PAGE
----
Marco Arment Sells Instapaper to Betaworks

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Instapaper SoldMarco Arment announced on Thursday that he has sold Instapaper to Betaworks. In a blog post, Mr. Arment said that Instapaper had grown to a point where it needed more resources—more people—to continue to grow.

Instapaper started life off as a Web app that allowed user to bookmark articles, saves the content for a later read, and then presents that content stripped of ads and other site branding. From a Web app, the service spread to iPhone and iPad, and eventually to Android, allowing users to bookmark an article anywhere and read it on the device of their choice.

"Instapaper is much bigger today than I could have predicted in 2008," Mr. Arment wrote, "and it has simply grown far beyond what one person can do. To really shine, it needs a full-time staff of at least a few people. But I wouldn’t be very good at hiring and leading a staff, and after more than five years, I’d like an opportunity to try other apps and creative projects."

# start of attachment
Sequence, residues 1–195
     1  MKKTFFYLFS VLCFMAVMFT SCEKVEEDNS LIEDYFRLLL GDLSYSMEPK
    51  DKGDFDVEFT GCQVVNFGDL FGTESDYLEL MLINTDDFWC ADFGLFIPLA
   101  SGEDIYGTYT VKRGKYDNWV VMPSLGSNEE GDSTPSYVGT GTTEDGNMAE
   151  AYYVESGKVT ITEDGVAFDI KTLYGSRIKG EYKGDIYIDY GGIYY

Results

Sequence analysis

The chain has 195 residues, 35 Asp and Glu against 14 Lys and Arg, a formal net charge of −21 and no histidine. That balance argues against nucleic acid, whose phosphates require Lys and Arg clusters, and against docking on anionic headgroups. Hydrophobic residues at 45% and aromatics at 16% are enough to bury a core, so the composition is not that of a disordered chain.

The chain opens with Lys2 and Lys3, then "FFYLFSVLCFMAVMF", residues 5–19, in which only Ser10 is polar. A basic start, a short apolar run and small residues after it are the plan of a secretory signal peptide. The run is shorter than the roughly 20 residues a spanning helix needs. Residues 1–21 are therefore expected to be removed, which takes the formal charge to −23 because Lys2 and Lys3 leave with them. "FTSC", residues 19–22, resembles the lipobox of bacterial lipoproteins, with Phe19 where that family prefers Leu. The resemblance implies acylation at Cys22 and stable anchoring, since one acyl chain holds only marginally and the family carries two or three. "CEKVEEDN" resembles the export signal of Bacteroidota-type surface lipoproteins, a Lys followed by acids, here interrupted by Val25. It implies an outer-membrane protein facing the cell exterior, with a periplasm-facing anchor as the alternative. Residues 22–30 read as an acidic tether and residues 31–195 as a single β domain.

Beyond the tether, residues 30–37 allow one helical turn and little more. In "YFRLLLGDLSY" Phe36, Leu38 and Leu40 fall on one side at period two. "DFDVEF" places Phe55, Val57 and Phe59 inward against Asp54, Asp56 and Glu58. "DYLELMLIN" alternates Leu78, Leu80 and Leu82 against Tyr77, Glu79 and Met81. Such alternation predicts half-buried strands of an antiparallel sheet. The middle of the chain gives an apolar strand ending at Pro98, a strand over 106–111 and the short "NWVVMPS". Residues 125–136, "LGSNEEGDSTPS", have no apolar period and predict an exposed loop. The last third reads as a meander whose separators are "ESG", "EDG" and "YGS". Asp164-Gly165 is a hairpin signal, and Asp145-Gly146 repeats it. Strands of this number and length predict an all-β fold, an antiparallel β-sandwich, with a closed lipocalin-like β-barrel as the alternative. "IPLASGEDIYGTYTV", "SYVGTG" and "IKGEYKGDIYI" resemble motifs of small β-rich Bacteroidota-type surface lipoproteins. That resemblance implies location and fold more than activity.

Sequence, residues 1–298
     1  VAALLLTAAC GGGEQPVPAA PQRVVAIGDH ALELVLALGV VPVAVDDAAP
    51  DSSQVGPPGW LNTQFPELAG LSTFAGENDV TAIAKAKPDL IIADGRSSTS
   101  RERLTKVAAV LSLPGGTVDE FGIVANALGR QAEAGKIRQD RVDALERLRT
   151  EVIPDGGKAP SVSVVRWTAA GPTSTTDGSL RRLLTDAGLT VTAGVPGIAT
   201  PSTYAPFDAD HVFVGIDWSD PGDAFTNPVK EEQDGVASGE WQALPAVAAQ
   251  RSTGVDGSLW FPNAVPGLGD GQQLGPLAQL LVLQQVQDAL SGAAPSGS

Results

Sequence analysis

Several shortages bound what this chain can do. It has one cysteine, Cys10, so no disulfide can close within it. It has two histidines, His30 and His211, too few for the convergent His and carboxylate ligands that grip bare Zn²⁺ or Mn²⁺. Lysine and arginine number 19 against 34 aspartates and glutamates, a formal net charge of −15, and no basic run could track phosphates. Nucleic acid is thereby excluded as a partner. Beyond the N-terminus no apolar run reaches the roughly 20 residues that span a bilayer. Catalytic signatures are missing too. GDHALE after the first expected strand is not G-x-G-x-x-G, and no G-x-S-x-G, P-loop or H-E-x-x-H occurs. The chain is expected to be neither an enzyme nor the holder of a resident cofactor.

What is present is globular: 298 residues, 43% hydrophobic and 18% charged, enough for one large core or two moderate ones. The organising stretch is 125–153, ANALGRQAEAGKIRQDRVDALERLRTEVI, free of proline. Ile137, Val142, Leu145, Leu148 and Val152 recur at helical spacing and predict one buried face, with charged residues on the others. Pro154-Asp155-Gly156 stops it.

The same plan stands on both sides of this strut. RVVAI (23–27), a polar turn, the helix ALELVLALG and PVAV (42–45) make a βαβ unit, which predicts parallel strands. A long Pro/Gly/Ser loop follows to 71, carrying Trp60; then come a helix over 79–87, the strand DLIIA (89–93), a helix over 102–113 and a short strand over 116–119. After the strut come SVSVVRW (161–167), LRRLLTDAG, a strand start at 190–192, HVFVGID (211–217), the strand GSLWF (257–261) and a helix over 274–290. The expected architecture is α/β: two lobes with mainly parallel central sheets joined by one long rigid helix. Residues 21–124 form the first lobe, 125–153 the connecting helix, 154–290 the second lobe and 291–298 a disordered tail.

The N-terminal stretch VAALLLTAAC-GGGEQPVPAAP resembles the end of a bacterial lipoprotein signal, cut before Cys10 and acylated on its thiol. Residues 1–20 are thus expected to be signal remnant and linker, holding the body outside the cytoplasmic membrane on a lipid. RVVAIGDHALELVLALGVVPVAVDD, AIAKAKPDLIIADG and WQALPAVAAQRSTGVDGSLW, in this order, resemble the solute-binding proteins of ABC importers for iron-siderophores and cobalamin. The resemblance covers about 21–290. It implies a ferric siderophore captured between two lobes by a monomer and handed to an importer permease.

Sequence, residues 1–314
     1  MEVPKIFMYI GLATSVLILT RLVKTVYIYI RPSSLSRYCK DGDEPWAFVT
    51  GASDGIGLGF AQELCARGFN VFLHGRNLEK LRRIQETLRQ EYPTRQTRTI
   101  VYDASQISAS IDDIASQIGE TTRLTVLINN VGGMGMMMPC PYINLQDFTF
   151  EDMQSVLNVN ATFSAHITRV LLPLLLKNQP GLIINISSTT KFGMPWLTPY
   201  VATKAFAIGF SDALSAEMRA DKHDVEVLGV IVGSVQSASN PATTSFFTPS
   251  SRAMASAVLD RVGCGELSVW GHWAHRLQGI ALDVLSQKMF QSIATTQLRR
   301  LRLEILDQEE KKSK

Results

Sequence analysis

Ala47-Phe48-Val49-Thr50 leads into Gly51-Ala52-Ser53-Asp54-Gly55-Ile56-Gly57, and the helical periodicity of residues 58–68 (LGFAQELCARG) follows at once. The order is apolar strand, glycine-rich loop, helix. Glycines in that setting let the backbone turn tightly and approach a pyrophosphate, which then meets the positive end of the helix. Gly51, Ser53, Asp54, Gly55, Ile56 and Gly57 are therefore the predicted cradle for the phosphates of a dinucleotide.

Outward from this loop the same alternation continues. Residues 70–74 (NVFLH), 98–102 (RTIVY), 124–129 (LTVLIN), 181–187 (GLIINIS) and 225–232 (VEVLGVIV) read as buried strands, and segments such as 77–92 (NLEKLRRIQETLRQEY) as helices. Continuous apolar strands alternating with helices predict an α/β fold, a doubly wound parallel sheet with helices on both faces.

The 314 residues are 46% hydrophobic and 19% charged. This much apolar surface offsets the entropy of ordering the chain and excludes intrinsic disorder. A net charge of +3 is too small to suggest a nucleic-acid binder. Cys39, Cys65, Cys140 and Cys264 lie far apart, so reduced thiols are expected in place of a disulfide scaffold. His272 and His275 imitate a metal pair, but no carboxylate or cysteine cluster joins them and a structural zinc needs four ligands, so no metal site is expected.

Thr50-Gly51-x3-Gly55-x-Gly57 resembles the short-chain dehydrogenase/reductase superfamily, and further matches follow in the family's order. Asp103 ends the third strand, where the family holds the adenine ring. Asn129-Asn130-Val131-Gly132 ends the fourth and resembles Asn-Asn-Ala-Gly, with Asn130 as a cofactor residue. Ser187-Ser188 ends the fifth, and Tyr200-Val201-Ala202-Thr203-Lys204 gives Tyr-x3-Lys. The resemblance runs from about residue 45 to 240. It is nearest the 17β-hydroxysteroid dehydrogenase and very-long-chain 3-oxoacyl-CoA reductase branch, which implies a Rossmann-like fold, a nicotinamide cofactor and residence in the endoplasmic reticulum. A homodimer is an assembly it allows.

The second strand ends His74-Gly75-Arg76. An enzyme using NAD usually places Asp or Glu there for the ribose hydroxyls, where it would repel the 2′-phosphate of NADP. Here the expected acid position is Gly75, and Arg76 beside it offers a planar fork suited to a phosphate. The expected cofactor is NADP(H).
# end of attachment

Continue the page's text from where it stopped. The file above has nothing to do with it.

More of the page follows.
Betaworks is not a fund or an incubator, according to the company's About page, and instead describe itself as, "a company that builds companies." For instance, Betaworks purchased Digg.com in 2012 and rebooted the site with a de-emphasis on comments.

Digg also includes a "Save to iPhone" feature that could be greatly expanded with Instapaper's service, though Betaworks has not yet announced what it plans for its Instapaper purchase. The company directed visitors to Marco Arment's blog post for details on the acquisition.

There, Mr. Arment wrote, "A couple of months ago, at 1:30 AM, I suddenly realized who should take it over. I jumped out of bed, tiptoed downstairs (no parent wants to wake a sleeping baby), and sent an email. It didn’t take much convincing, because we both knew it was a great fit."

Details of the deal weren't disclosed, but Mr. Arment said that he had sold a majority stake in Instapaper.

Other projects by Betaworks include Blend.io, a music-creation collaboration platform; Poncho, a weather-service that looks to us like one of the first software agents that we've been waiting for since the 1990s; tapestry, a medium for short stories; bitly, a URL shortening service, and more.

Image made with help from Shutterstock.

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